For any visionary, dreamer or hapless idiot trying to drive societal change, there can be few things more vindicating than the sight of school-age kids teaching adults how to do things. I wandered into our Raspberry Jam event on Saturday and felt the status bar on my Hope Drive stretch out a little, maybe from orange into green. Raspberry Jams are open to anyone and this time we had people from zero years-old (yes, actually) up to, well, I wouldn’t like to say but put it this way: they’d remember Belfast before The Troubles.
This time the regular Farset crowd got a big boost by having the running of the event taken off our hands by the irrepressible AndrewMulholland, who finds time amidst schoolwork to make and teach technology (we hear his latest project with his school robotics club is a cardboard quadcopter; turns out the sky isn’t the limit!). Andrew is one of a line of Dalriada acolytes to find their way to Farset somehow, setting a high bar for the involvement of NI’s schools in the maker revolution.
Going round the room, seated in front of monitors and amongst a snakes’ nest of cables, circuit boards, network components and blinking lights, there was a complete range of capabilities in the room. Parents were teaching kids, and kids were teaching parents. One of the frequent young visitors to the space, an unflinchingly energetic fourteen year-old, handed me his smartphone and said “press one of these coloured buttons”. I hit green. The mobile spoke to his web server in Holland and that in turn signalled the Raspberry Pi in front of him to illuminate the green LED wired into it. Frivolous? Maybe. But it’s from that kind of tinkering that world-changing technologies emerge.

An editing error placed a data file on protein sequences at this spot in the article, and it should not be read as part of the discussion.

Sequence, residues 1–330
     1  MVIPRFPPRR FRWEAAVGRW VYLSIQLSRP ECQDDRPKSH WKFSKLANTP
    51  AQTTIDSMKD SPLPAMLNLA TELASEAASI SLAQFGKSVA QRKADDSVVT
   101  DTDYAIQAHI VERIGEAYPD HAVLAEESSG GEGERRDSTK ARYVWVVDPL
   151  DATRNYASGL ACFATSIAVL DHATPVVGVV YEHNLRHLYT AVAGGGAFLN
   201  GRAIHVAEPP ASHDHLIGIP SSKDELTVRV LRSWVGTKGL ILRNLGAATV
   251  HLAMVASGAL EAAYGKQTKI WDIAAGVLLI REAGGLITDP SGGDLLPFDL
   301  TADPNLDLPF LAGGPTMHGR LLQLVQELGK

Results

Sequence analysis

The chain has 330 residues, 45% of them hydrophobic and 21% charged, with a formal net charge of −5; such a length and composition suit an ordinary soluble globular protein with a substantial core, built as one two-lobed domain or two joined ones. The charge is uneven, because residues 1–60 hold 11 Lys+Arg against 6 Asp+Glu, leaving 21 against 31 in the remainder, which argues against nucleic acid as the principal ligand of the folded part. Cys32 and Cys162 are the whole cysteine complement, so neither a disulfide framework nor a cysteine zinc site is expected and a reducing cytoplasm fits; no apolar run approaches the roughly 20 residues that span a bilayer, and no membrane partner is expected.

Many of the attendees had come to learn the basics of programming and interfaces, by using the Pi to run Scratch, the supersimplestraightforward program from MIT that teaches basic coding. But these Jams, as with most of our hacking events, are there for all levels of skill and knowledge. There was John, for instance, who showed me his work on The vOICe. This is a camera system that is worn on a pair of glasses by a blind person, to scan the world in front of them and interpret it into an audio signal. They call it “seeing with sound” and it’s one of those ideas that makes you optimistic for the human world. John is trying to simplify the system and reduce its weight by running it on a Raspberry Pi rather than a heavy laptop. Anyone able to offer some help for John, get in touch.
So what next for Raspberry Pi? Well we’re looking to upgrade our collection and have dedicated sets with all the necessary peripherals for anyone to use as starter kits. Any help we can get with that would offer a huge return on investment for the community. And it’s just three months to the global Raspberry Jamboree too.
All together now, sing “Raaaaasp-berry Boree…”
No? Just me? Getting old? Ye gads.